Like virtually all investors, Buffett said he cannot forecast short-term stock movements. But he said equities will probably substantially outperform cash in the next decade.
Still, going 100 percent into stocks is not wise for a typical 78-year-old, especially one who depends on investment income for living expenses. Buffett is, of course, not the typical 78-year-old and lives more than comfortably.
Even Berkshire's own equity portfolio is no model of diversity. About 42 percent was tied up as of June 30 in just four stocks: American Express Co (AXP.N), Coca-Cola Co (KO.N), Procter & Gamble Co (PG.N) and Wells Fargo & Co (WFC.N).
And stocks do not always go up over extended periods. Bearish investors might point to the 1929-1954 period, when U.S. stocks essentially gained nothing.
"His position is probably the opposite of what someone close to his age should be doing: keep more of their money in Treasuries," said Charles Geisst, a finance professor at Manhattan College and the author of "Wall Street: A History."
"I understand the sentiment, but this situation is unlike anything we've seen since 1932," he added. "In downturns such as 1987 and early this decade, we never had a real clear view of what caused markets to go down. In this case, we have much too clear a view. This is the first time we've seen systemic problems affect the markets since the Great Depression."
Buffett often appears out of step with the market.
For example, at the height of the technology bubble, Berkshire shares fell 20 percent in 1999, while the Nasdaq .IXIC rose 86 percent. Berkshire's book value per share barely budged, while the Standard & Poor's 500 index .SPX rose 21 percent. In his annual letter to Berkshire shareholders, Buffett gave himself a "D" for capital allocation.
In moving to stocks, Buffett is aligning his own holdings with some of the moves he has already made at Berkshire.
The Omaha, Nebraska-based company has derivative contracts that require payouts only if the S&P 500 is lower more than a decade from now than when the contracts were written.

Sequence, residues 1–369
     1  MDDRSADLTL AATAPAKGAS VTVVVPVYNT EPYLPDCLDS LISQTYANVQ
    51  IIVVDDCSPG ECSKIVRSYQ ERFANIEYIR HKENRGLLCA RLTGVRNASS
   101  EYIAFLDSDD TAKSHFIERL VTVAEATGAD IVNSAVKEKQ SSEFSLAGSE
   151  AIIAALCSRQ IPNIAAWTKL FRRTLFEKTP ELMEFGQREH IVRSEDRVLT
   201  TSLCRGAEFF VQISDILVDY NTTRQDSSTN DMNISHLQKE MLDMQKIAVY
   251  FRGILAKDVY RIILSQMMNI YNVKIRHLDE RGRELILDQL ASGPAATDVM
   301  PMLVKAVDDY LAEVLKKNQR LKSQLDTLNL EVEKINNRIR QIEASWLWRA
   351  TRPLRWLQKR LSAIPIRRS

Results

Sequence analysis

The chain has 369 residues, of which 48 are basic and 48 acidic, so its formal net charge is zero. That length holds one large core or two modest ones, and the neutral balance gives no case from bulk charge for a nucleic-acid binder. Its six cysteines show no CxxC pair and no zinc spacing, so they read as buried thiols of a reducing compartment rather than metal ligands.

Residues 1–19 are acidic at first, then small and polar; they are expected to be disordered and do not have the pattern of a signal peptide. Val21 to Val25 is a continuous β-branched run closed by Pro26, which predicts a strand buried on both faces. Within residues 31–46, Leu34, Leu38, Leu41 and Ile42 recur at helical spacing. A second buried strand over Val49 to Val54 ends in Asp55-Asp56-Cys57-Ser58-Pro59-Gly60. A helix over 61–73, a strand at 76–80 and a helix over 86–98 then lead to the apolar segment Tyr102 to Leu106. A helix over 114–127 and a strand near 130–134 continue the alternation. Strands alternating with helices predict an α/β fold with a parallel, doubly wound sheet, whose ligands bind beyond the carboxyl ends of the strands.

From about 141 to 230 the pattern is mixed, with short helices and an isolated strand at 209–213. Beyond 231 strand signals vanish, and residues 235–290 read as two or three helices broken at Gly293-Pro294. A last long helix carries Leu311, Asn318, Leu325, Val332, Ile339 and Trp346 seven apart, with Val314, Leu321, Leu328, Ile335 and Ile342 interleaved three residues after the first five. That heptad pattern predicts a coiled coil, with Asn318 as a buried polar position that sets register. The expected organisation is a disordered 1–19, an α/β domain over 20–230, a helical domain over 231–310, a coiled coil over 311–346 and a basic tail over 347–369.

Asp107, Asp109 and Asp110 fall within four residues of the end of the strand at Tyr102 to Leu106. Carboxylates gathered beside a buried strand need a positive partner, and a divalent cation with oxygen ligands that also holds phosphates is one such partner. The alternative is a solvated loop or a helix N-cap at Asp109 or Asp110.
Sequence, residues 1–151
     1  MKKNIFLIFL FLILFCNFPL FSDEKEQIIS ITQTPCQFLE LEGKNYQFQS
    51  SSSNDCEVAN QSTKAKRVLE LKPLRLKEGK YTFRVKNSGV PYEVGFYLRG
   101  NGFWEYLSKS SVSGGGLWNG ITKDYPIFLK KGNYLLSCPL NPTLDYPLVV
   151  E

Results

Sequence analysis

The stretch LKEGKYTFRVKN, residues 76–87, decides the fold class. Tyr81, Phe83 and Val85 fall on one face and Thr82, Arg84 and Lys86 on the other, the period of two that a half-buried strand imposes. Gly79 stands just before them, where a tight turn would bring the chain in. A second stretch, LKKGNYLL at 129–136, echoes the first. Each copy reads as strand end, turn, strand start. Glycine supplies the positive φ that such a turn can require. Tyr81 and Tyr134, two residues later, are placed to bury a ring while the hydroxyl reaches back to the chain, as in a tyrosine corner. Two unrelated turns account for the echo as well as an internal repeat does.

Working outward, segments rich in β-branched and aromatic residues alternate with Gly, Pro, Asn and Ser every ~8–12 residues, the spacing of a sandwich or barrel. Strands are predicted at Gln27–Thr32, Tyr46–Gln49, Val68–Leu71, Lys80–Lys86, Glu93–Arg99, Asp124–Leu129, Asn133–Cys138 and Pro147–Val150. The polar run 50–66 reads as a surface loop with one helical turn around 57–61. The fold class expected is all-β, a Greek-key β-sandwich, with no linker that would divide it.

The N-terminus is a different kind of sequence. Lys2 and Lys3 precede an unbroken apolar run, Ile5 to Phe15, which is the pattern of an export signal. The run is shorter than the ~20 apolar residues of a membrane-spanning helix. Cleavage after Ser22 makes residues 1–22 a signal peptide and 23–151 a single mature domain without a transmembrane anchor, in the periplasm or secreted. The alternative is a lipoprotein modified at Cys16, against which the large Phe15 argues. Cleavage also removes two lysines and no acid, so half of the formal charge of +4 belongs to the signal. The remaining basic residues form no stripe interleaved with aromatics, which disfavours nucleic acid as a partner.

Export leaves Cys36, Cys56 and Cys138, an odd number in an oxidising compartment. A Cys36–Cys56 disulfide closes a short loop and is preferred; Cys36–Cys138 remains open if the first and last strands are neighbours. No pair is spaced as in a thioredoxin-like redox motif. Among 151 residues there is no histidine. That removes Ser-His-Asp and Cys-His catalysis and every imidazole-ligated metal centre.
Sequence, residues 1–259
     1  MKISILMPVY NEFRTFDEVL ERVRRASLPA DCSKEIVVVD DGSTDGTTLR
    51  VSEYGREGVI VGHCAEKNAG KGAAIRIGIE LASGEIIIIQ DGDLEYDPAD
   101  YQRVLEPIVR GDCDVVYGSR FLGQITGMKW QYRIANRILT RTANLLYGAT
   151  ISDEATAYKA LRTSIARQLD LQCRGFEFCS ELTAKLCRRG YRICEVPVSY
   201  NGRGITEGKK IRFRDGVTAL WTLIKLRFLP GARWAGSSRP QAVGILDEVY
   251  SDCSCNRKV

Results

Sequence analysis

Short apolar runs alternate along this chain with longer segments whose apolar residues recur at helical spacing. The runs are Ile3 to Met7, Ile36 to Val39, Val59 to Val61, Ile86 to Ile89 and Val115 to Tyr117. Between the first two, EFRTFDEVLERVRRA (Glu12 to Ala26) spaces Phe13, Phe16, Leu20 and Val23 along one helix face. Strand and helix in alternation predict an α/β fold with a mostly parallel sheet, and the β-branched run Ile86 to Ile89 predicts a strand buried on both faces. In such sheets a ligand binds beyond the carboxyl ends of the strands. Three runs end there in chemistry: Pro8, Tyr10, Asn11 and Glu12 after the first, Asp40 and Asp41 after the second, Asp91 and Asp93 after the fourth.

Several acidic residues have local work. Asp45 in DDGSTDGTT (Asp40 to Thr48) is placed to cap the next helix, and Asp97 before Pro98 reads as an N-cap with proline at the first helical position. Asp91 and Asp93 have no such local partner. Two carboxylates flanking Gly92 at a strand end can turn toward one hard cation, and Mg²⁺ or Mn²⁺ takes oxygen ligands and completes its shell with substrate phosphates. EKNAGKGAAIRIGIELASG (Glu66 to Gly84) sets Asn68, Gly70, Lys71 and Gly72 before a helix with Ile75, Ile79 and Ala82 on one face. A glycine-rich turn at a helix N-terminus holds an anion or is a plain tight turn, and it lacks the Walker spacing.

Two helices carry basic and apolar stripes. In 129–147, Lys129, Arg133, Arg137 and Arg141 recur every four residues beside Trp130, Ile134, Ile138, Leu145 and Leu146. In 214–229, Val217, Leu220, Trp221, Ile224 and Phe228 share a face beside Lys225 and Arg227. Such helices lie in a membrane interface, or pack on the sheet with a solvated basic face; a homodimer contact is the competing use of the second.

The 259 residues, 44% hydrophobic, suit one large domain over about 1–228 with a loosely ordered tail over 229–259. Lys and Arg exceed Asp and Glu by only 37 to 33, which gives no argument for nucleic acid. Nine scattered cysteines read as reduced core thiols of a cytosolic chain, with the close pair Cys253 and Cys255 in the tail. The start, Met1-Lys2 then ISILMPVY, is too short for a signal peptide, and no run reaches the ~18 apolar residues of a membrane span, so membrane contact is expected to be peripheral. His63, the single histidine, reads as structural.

In the last month, Berkshire invested a total of $8 billion in General Electric Co (GE.N) and Goldman Sachs Group Inc (GS.N) preferred stock, all with a 10 percent dividend, and got warrants to buy an equal amount of common stock at a discount. Given the attractive terms, some saw these as opportunistic investments rather than a signal of a market bottom.
Berkshire has also made several multibillion dollar commitments this year for acquisitions and corporate buyouts.
Geisst said many investors have much shorter time horizons than they once did and expect bad markets to be followed by stronger ones very quickly. That may not happen this time, given the potential for a long economic recession, he said.
But Buffett said buying stocks now is better than trying to time markets and guess when a turnaround will happen.
Referring to arguably the greatest hockey player ever, he wrote: "In waiting for the comfort of good news, they are ignoring Wayne Gretzky's advice: 'I skate to where the puck is going to be, not to where it has been.'"
Additional reporting by Jennifer Ablan and Christian Plumb; Editing by Andre Grenon, Richard Chang